The similarity with katakana ケ is coincidental. The small ヶ symbol, which, technically, is not a kanji, (probably) originated as a graphical abbreviation of the kanji 箇 (one of the two upper pieces). When the symbol is used in place of 箇 as a counter word, it is read as 「カ」. When appearing in a possessive role in place names, though, such as 袖ヶ浦, it is read as 「ガ」.I didn't know the ヶ in 「一ヶ月」is a small katakana け while it is pronounced or written as か.
I don't know if it is alright to go off the topic. Isn't 関ヶ原 is a name of place and so is a proper noun according to how English grammar classifies it?ヶ and ヵ are interchangeable ａｓ long as it is not a proper noun like 関ヶ原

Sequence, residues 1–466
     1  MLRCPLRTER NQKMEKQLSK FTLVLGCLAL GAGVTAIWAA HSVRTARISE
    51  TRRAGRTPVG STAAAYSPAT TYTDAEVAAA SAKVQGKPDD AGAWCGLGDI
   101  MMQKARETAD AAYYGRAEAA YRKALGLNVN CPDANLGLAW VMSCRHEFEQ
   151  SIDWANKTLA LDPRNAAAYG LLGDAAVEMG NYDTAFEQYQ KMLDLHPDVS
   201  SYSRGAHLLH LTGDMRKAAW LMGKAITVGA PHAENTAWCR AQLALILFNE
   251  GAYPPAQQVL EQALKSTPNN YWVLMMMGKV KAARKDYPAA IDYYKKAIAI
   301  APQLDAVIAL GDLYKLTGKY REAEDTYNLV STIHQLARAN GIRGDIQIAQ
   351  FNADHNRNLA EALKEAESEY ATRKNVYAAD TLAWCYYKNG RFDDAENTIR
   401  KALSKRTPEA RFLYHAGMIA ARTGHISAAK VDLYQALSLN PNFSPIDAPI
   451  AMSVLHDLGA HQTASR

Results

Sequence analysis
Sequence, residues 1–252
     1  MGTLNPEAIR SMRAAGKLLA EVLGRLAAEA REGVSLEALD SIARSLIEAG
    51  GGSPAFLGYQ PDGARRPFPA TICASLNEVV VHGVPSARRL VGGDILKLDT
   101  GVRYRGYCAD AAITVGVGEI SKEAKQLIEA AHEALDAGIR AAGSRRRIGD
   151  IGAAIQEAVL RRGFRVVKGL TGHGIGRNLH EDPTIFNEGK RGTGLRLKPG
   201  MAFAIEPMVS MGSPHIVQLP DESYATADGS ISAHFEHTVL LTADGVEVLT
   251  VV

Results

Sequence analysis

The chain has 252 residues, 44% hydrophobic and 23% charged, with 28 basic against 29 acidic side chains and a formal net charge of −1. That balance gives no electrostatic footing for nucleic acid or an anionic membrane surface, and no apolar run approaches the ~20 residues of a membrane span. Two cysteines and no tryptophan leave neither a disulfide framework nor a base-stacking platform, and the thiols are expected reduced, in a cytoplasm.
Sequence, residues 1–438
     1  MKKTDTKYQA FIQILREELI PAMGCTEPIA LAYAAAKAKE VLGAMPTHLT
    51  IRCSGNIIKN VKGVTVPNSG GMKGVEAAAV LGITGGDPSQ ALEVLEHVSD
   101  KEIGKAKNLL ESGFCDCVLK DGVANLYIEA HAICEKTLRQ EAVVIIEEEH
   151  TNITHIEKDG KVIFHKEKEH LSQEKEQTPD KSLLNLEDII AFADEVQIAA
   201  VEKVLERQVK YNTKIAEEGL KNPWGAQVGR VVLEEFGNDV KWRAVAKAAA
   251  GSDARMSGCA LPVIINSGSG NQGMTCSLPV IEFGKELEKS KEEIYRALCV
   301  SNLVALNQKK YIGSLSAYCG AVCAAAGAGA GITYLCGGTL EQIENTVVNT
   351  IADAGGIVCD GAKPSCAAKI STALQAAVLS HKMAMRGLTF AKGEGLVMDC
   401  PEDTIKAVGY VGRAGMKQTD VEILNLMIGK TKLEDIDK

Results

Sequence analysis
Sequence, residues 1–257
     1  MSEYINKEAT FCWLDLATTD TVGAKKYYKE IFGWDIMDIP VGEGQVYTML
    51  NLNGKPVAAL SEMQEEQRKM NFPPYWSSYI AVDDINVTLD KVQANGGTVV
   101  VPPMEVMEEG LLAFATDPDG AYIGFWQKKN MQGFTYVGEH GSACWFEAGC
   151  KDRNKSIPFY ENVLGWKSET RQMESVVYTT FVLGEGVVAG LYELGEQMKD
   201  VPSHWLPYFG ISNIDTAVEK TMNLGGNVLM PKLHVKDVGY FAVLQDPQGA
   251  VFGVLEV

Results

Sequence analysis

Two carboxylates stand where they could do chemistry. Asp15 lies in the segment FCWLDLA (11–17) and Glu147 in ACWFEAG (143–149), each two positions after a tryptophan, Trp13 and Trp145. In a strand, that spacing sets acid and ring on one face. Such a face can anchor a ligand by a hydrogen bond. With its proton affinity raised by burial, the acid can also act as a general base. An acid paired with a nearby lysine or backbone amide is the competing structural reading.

@Lomaster wrote "as long as it is NOT a proper noun", meaning that proper nouns usually have one, fixed, standard way of being written.I'm not quite sure if ヶ and ヵ are really interchangeable in this sense unless 関ヶ原 can be alternatively written as 関ヵ原.
Bascially, yes. Incidentally, the modern Japanese possessive の was previously expressed as が in older forms of the Japanese language.Are you saying the ヶ read as 「ガ」here means "'s" in this context? So 袖ヶ浦 means 袖の浦?